- spoke wheels for cracks across spokes and in the web area or slippage in the clamp areas
- hub lubricant leaks, missing caps, or plugs
- inner wheel seal leaks
- tire and valve stem leaks
- proper inflation, cuts and bulges on all tires (including the inside tire on a dual set)
- regrooved tires on steering axle
- tread wear (will measure major tread groove depth)
- the sidewall for improper repairs, such as tire plugs
- exposed fabric or cord
- tire contact with any part of the vehicle
- markings on the tire that would exclude its use on a steering axle
- debris between the tires
- tires touching one another or any part of the vehicle
If you find yourself pulled over on the shoulder of a freeway for an exam, you may receive a Level Two Inspection since it will be unsafe to crawl underneath the truck. In this situation, an officer will walk around the truck, look at the equipment, inspect the driver’s license and logbooks, etc.
Other exam scenarios include Inspections at the terminal without the driver present or electronically and wirelessly while the vehicle is in motion.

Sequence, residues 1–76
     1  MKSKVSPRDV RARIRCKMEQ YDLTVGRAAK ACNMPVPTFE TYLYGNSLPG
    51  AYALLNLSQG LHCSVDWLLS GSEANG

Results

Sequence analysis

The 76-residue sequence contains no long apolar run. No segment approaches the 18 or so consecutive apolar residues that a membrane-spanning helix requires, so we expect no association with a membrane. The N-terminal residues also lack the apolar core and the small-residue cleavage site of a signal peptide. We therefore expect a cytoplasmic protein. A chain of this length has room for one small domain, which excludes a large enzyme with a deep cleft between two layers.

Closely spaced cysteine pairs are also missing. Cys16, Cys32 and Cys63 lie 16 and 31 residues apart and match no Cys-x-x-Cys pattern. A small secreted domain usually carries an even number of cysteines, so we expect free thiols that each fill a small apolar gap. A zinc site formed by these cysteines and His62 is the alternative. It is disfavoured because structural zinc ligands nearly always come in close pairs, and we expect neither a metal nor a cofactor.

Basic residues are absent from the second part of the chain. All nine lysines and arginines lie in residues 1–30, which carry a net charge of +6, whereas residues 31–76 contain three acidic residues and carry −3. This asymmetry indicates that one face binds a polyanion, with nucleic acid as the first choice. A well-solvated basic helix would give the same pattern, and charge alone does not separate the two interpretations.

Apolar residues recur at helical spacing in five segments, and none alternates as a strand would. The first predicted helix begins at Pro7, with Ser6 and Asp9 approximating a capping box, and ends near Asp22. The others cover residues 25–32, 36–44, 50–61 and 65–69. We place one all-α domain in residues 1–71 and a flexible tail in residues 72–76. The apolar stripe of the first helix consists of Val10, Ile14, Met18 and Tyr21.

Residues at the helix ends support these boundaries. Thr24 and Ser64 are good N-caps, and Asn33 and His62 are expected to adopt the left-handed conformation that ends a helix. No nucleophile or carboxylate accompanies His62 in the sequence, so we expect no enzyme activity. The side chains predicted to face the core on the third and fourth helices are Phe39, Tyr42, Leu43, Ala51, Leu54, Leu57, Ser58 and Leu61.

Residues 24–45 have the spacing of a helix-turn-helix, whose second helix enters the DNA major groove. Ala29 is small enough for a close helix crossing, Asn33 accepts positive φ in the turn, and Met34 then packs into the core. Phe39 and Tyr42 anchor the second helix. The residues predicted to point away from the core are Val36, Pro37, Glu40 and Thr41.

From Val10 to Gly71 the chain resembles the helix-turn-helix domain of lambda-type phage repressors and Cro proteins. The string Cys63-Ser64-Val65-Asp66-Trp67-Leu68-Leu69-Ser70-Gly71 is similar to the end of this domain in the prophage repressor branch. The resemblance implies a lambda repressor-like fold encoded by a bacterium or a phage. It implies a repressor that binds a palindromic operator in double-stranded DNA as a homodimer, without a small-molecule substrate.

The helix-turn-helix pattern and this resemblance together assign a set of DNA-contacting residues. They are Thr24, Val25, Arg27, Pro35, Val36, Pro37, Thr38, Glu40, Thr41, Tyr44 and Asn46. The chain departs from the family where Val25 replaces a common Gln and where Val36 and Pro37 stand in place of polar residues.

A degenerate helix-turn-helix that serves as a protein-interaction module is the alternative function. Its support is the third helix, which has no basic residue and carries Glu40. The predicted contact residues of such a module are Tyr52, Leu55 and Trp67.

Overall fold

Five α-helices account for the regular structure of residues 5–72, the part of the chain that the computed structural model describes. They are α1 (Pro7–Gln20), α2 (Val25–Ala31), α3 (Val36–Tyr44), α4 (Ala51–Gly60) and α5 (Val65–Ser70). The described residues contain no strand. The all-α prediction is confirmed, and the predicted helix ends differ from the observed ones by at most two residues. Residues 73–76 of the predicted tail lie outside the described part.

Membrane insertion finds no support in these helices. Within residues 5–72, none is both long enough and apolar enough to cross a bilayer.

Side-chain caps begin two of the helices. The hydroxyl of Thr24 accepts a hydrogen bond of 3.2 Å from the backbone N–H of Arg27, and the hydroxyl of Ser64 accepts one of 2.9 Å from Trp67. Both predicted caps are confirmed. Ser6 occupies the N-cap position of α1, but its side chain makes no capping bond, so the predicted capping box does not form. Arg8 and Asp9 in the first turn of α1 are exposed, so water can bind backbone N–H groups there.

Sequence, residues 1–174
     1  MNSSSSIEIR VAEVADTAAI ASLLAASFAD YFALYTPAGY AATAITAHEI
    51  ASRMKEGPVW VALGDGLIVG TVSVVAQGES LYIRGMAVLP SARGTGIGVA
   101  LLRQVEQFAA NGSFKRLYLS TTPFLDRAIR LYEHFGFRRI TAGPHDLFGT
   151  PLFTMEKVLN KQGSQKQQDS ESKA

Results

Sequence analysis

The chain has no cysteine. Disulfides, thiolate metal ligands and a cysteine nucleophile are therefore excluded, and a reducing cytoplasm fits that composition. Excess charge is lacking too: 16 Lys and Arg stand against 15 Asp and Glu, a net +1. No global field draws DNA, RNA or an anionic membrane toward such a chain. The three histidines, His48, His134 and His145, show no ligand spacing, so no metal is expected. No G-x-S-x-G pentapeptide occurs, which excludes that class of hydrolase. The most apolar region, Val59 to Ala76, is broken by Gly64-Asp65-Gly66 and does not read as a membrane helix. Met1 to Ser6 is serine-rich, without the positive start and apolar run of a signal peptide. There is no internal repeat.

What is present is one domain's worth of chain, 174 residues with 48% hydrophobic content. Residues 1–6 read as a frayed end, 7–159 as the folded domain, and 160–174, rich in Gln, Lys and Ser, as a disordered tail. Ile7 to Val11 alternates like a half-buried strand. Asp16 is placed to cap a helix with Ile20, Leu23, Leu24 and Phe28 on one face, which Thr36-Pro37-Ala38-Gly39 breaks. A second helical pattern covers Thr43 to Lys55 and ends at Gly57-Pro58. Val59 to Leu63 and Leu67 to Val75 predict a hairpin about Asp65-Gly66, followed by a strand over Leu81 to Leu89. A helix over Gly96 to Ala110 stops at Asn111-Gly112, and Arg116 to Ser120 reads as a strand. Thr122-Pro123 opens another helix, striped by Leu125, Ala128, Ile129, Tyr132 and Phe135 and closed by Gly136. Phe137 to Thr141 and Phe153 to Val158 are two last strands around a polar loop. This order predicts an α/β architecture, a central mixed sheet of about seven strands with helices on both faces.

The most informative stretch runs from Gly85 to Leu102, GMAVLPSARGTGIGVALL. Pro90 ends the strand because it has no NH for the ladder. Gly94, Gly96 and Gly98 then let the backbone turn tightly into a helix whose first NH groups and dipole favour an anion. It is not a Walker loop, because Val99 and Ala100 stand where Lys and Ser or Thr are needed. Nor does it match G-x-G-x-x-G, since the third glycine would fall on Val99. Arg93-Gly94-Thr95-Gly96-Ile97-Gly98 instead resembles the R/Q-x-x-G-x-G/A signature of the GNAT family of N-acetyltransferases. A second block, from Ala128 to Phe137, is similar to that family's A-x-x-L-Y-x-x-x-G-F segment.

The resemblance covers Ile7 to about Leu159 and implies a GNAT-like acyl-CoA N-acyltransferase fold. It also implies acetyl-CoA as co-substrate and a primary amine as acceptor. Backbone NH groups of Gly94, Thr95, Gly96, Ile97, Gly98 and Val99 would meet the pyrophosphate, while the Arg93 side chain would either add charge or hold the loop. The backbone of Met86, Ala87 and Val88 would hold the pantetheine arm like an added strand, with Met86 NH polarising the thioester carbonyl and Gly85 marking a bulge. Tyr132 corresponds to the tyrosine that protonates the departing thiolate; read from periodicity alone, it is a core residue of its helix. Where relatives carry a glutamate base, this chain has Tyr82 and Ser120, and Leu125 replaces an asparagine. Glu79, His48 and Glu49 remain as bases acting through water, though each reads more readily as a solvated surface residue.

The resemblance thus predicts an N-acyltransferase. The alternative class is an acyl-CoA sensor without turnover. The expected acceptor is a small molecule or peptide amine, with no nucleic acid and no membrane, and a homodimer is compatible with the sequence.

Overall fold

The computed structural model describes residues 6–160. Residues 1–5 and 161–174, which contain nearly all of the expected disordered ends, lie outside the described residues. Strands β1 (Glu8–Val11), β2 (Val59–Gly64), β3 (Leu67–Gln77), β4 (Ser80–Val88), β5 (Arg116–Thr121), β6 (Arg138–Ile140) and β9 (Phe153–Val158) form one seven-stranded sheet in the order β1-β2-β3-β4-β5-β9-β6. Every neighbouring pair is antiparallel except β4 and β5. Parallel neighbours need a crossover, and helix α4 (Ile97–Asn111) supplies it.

Additional information on CVSA inspections and their requirements can be found here.
how to act during an inspection
Be professional, kind, and courteous. Officers are just regular people wearing uniforms. If you treat them well, it will go much better for you.
If you feel you are being written a ticket unfairly, do not be confrontational. The company you work with can and will appeal the result if necessary. Calmly ask for clarification on any violations so you can explain them to your company's safety personnel correctly and with full understanding.
safety is the goal
“We want every vehicle on our roadways to be in proper working order for the safety of the driver operating that vehicle and everyone traveling on our roadways,” said CVSA President Capt. John Broers with the South Dakota Highway Patrol.
Let’s all work together to ensure the safety of our drivers, our trucks, and everyone else who shares our roads.